Just like people, pups can develop bad backs. And sometimes, the pain and discomfort of a bad back is due to what we call a “slipped disc” in the human world. In the veterinary world, the technical term is Intervertebral Disc Disease or IVDD.
While IVDD is a fairly common spinal problem in dogs, it can be tricky to diagnose without sophisticated tests. Still, with early detection, IVDD can be treated, which makes understanding the signs and symptoms a helpful tool for any pet parent.
IVDD is a disease that affects the disc-shaped cushions of tissue between the bones on the back (vertebrae). These cushions (called intervertebral discs) have a thick, tough covering on the outside, with a softer, gel-like interior. Not only do these cushions keep backbones from rubbing against each other when your pooch moves, but they also protect the spinal cord from damage as the cord travels down the middle of the spine.
As your dog ages, the tough, outer portion of the disc may start to break down. At the same time, the inner portion of the disc may begin to harden. If the exterior breaks down enough, it can cause the interior to bulge out and press against the spinal cord. This can also be referred to as herniation or rupture. The pressure caused by the bulging disc can cause serious damage to the spinal cord. This is commonly called a “slipped disc."
The rupturing process can happen over a period of weeks or in a moment. So a dog that appears healthy and happy one minute can suddenly present odd symptoms and signs of pain.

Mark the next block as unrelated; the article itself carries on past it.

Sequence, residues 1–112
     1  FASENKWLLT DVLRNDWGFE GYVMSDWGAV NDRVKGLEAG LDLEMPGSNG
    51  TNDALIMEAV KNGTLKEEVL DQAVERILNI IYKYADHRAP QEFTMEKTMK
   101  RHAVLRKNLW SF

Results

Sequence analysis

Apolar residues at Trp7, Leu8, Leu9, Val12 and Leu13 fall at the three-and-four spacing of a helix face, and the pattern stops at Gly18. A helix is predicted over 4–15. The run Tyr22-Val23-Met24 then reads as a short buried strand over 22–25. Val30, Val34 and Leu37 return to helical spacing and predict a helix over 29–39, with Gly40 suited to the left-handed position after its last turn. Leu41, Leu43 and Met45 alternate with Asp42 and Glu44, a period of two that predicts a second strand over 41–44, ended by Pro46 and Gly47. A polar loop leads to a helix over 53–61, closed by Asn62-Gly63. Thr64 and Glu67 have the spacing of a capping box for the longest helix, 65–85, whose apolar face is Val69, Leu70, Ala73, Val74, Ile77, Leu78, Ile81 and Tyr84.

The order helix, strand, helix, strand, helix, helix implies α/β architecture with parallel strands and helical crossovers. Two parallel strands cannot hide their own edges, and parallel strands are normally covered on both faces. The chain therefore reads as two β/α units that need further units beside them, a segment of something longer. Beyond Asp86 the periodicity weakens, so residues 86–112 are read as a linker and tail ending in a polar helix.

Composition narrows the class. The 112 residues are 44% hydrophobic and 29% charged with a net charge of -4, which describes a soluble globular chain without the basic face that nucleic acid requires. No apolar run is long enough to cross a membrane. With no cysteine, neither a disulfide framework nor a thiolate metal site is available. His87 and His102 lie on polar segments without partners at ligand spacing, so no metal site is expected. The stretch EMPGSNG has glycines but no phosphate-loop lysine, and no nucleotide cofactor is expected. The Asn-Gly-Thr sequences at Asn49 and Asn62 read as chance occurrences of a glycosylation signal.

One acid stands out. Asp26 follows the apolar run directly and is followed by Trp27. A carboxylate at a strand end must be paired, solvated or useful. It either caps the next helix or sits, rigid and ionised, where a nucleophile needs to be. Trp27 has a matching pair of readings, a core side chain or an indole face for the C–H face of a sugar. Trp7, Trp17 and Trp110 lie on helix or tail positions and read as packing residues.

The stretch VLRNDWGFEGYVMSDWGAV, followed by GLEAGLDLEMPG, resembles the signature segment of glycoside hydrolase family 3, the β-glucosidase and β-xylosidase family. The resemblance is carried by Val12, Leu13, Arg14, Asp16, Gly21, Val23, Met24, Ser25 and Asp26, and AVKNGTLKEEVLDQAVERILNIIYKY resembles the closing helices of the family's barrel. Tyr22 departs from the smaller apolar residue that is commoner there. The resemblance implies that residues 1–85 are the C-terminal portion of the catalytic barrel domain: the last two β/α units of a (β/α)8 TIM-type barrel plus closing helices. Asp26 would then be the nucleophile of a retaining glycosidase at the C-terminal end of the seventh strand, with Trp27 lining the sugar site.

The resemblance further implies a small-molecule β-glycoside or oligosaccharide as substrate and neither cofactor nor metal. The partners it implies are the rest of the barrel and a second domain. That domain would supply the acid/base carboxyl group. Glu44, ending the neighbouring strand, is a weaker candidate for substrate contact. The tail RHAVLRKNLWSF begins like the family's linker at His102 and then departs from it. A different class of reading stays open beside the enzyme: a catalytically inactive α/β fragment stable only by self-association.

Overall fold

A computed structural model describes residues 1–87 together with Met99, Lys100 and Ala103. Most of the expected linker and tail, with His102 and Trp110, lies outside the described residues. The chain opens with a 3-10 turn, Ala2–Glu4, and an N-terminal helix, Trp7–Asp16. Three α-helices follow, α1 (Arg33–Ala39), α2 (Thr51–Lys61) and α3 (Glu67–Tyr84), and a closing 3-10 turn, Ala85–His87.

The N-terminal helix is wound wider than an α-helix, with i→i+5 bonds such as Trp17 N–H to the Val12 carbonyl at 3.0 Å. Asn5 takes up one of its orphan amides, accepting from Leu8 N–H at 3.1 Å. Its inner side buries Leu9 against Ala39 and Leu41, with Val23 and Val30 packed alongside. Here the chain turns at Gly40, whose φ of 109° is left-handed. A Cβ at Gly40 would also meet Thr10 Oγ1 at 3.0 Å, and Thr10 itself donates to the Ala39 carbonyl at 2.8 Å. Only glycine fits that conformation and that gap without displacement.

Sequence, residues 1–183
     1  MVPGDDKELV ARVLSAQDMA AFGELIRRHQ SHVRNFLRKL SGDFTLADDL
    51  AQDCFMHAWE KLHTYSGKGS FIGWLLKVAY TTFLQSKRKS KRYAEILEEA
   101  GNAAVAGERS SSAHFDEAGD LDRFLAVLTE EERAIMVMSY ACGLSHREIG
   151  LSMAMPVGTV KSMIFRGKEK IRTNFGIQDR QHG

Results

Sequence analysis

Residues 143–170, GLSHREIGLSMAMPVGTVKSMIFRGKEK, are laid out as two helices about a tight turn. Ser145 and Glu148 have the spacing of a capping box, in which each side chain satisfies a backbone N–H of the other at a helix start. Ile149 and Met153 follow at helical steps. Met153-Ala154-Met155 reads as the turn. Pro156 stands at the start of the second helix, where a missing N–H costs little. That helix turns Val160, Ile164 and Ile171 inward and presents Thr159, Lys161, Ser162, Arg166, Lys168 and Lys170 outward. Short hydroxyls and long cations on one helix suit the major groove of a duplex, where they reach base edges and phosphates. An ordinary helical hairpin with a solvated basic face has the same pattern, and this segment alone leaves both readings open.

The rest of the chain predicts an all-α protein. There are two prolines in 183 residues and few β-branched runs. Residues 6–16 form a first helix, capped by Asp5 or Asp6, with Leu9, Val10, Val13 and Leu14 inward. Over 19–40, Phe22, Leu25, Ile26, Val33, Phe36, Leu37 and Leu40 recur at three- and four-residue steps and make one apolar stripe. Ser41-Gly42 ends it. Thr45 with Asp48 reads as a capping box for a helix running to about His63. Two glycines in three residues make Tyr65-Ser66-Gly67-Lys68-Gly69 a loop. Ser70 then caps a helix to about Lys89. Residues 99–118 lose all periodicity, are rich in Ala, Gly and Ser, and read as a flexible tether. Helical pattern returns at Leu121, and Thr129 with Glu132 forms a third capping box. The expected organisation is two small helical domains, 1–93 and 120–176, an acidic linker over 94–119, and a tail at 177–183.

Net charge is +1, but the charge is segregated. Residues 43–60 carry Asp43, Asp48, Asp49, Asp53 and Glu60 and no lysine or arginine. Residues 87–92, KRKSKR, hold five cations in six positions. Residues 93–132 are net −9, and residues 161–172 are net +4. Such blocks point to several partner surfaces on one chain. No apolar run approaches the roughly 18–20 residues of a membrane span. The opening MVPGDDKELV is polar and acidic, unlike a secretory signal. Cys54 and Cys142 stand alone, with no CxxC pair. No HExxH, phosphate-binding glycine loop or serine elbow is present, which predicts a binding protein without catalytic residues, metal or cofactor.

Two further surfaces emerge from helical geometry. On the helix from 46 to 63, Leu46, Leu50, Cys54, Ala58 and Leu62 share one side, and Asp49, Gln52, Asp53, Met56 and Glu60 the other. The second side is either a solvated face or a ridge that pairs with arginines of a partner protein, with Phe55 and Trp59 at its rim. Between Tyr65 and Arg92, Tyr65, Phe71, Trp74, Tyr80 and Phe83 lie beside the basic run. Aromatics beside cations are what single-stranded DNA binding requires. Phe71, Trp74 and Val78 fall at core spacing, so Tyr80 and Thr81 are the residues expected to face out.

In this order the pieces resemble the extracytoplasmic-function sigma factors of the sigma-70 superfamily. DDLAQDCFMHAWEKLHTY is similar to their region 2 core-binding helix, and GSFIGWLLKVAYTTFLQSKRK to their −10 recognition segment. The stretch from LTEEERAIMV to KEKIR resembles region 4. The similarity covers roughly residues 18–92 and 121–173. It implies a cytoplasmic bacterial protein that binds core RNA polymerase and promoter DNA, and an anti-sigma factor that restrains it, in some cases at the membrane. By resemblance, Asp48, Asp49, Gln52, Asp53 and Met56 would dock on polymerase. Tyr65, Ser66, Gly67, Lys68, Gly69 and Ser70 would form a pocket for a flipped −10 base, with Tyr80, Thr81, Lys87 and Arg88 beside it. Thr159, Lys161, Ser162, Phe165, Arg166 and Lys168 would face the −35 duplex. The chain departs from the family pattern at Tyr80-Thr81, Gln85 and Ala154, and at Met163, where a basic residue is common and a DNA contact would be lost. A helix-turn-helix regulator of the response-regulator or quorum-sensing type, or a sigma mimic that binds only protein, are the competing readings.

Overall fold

All dogs are susceptible to IVDD, but some smaller breeds are more prone to the disease. Pooches that are lower to the ground, like Dachshunds, Corgis, and Basset Hounds, have been selectively bred to have a form of dwarfism, which gives them their low-slung stature. But the genetic trait that makes them ground-hugging canines also affects cartilage growth (the main component of intervertebral discs) throughout their bodies.
The result is disc calcification – the hardening of the intervertebral disc. This can begin as early as two years of age. Often this process is happening along with disc deterioration from normal dog life described above, which puts these canines at a much greater risk for IVDD.
The onset of IVDD is often accompanied by pain and a change in the way your dog moves. The bulging disc pressing against the spinal cord disrupts nerve signals to the limbs and bladder. This causes a range of mild to severe symptoms. The more the disc presses into the spinal cord, the more aggressive the symptoms can become.
Pet parents might observe a new swaying gait when their dog walks. They may drag one or both limbs. Many times there is a reluctance to jump on or off furniture or lower the head to a food bowl to eat. These symptoms may also be accompanied by a loss of bladder control.
A damaged spinal cord can also affect a dog’s perception of pain. In some cases, a pooch might constantly hold up a paw because the nerve blockage has tricked the brain into sensing pain when the dog steps.
The slow onset of these symptoms is usually due to a slow rupturing disc that is progressively damaging the spinal cord. However, some ruptures can happen extremely quickly with tremendous force. A dog that might have been living normally may suddenly become completely paralyzed within moments of an IVDD event.
If your pet pal is displaying symptoms of IVDD, your veterinarian should be consulted immediately.
Other disease processes can share symptoms with IVDD, including fractures, vertebral tumors, or infections. Your practitioner will likely start with a thorough neurological exam to rule out those factors and try to track down the injury’s location. This exam may include diagnostic tests like a radiograph (X-ray). It should be noted that the spinal cord and discs are invisible on a standard X-ray, so other tests may be required.